Lead time is an important driver for uncertainty. The longer the lead time, the higher the chance that something can go wrong, thus the higher the uncertainty. Reducing internal lead time reduces uncertainty and reduces the work in capital. That is why so many logistical control methods and improvement methods like JIT, Lean, TOC and Balancing Workload focus on reducing the work that has been released to the production floor. Less work on the floor reduces the waiting time which reduces the lead time, which reduces the unreliability or uncertainty. One can also detect flow blocks or production defects earlier when there is less stuff on the floor (the idea behind ‘lowering the level of the river of inventory’ image in the JIT).

Lowering the level of released work will not necessarily reduce the lead time however. The orders will be waiting in the order portfolio, waiting to be released. But the lead time of the released orders will be much more reliable. Adding capacity can be one of the means to lower the internal lead times physically. Not working first in-first out in a controlled way at order release (e.g. by allowing an A-customer order to overtake a B-customer order) can also reduce the lead times of ‘important’ orders, lengthening the lead time of the ‘less important’ orders.

Changing customer perception

Besides physically shortening the lead times and lowering the lead time unreliability one can also apply psychological methods to change the perception of the customer. Do read David Maister’s article ‘The psychology of waiting lines’ (easy to find on Google) to get to know more about this subject. ‘Managing expectations’ is key in his approach. His techniques are used in amusement parks for example, as I realized when I was in a queue for an attraction with my children. The remaining waiting time “45 minutes queueing time from here” was announced at various points in the line. When we finally arrived at the attraction entry, I checked my watch to be pleasant to note that ‘we only had to wait 35 minutes’ to get there… it made us feel good. Amazing not, I just blew 35 minutes of my precious time and I was pleased that it was ‘only’ 35 minutes… At the end of the day I found out that they did that for every queue. It is one example of what cleverly managing expectations is about. Me checking the remaining time in the rest of the queues also proved the validity of Maister’s proposition ‘Occupied time feels shorter than unoccupied time’.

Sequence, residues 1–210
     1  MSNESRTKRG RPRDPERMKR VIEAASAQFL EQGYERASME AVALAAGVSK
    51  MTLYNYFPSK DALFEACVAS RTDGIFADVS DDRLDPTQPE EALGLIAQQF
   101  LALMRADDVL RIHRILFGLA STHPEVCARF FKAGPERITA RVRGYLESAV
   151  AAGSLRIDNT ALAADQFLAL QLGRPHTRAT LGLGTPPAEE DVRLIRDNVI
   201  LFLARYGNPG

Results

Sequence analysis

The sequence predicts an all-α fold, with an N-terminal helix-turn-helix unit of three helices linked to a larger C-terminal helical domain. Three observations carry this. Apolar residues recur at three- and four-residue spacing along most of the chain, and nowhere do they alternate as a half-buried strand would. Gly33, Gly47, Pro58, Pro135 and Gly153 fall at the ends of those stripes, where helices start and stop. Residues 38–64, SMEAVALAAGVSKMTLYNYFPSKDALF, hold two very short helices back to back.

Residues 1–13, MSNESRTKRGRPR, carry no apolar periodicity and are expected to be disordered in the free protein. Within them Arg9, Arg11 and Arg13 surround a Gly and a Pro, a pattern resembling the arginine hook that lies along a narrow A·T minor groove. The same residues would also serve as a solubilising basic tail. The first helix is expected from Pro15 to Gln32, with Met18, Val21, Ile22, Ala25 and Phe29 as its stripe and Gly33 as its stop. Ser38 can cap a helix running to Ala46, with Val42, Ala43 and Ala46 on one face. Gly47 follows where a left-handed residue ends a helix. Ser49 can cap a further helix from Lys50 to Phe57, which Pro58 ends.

The improvement journey to reduce lead times must start by getting a thorough insight in the current lead times and the current lead time unreliability or variability. That can be done by investigating the delivery history, the open orders, the quality of the planning master data and the logistical control methods in place for the materials. ‘Process mining’ is another approach to identify and understand the actual lead times. Not an easy task in an SAP environment when you must set this up from scratch, with all the tables actively used in these functions.

Because reducing lead times and controlling lead times is such an important mission to improve the customer satisfaction and to improve the business performance Every Angle has this knowledge built in to make your life easier and to carry out these analyses faster. Read more about it here.

Jacques Adriaansen 
Business Improvement Thought Leader